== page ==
# Modulus proof

1. Jun 29, 2008

### garyljc

hi all,
i was studying modulus when i came across this mod(xy) = modx mod y
we consider 3 cases
whereby both positive , both negative, or positive negative

it reads here if we consider x and y to be negative
it will be something like this

mod xy = xy = - mod x ( - mod y ) = mod x mod y
therefore proven

i do not understand why it is -mod x and -mod y
i know that it says that x and y has to be negative
but isnt -mod x different from mod x ? eg if x is 2 , -mod x will be -2 , and mod x will be 2
correct me if i'm wrong
i'm lost
thanks

2. Jun 29, 2008

### matt grime

If x is negative, then mod(x)=-x. So what you've got there is that we've noted

x = -(-x)
y = -(-y)

Hence

xy = (-(-x))(-(-y)) = (-mod x)(=mod y)

if x,y <0.

And, yes mod(x) and -mod(x) are obviously different, so you're correct there.

3. Jun 30, 2008

### garyljc

hey matt ,
but according to the proof
it's mod xy = xy = - mod x ( - mod y ) = mod x mod y

why can't it be
mod xy = xy = mod x mod y
why does it have to have an additional -mod x (-mod y) ?

4. Jun 30, 2008

### d_leet

Because both x and y are negative and not equal to mod x or mod y respectively, but to -mod x and -mod y.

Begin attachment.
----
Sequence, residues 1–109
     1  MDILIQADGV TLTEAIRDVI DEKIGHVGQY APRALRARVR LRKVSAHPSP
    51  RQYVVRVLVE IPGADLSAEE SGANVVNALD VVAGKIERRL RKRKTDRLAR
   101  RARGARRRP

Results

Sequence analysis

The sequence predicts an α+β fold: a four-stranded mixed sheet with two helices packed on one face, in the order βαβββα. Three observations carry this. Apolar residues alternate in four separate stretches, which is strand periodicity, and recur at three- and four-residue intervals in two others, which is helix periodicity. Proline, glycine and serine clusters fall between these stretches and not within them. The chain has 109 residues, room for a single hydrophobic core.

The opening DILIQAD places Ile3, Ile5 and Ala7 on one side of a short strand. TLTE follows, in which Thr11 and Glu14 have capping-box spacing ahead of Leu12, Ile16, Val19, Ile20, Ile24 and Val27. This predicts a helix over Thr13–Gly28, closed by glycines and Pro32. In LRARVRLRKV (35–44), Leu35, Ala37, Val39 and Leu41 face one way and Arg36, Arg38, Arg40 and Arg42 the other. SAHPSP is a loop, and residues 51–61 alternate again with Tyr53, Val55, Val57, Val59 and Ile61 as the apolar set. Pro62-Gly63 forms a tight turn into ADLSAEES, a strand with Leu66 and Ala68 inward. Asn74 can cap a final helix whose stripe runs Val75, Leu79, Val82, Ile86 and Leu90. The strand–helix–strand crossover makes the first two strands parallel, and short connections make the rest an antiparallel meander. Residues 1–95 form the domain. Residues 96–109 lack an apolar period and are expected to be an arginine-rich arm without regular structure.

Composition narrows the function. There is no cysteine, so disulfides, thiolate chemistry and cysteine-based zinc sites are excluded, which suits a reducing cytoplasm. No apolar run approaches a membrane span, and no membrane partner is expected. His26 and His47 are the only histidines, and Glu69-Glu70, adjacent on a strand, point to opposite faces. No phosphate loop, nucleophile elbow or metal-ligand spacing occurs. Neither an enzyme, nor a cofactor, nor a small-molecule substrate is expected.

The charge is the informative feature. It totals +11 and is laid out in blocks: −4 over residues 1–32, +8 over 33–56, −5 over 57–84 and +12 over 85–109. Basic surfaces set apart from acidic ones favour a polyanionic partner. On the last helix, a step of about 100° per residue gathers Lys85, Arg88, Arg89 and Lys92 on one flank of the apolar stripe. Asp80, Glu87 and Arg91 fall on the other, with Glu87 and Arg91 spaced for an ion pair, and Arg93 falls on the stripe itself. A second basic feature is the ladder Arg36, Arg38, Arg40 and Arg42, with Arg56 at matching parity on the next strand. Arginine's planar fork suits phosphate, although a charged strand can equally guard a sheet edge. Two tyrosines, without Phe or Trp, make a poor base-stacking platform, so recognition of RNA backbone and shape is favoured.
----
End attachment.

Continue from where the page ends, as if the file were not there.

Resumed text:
5. Jun 30, 2008

### matt grime

Those equalities many (and indeed do) hold, but you want to *prove* that they do. So you have to use the *definition* of modulus for -ve numbers, rather than just writing what you want to be true, i.e. go the extra mile and make things explicit.

Think of it this way: you know that mod(x)=-x if x<0, now you want to show, using this knowledge, that if x,y<0, then mod(xy)=mod(x)mod(y).

Since x and y are less than 0, xy>0, so mod(xy)=xy.

Now, mod(x)=-x and mod(y)=-y, thus mod(x)mod(y)=(-x)(-y)=xy, so all is fine.

All the proof does is put those things together in one line.

6. Jun 30, 2008

### HallsofIvy

What definition of "modulus" are you using?. It seems to me that to prove something that fundamental you would want to use the precise definition.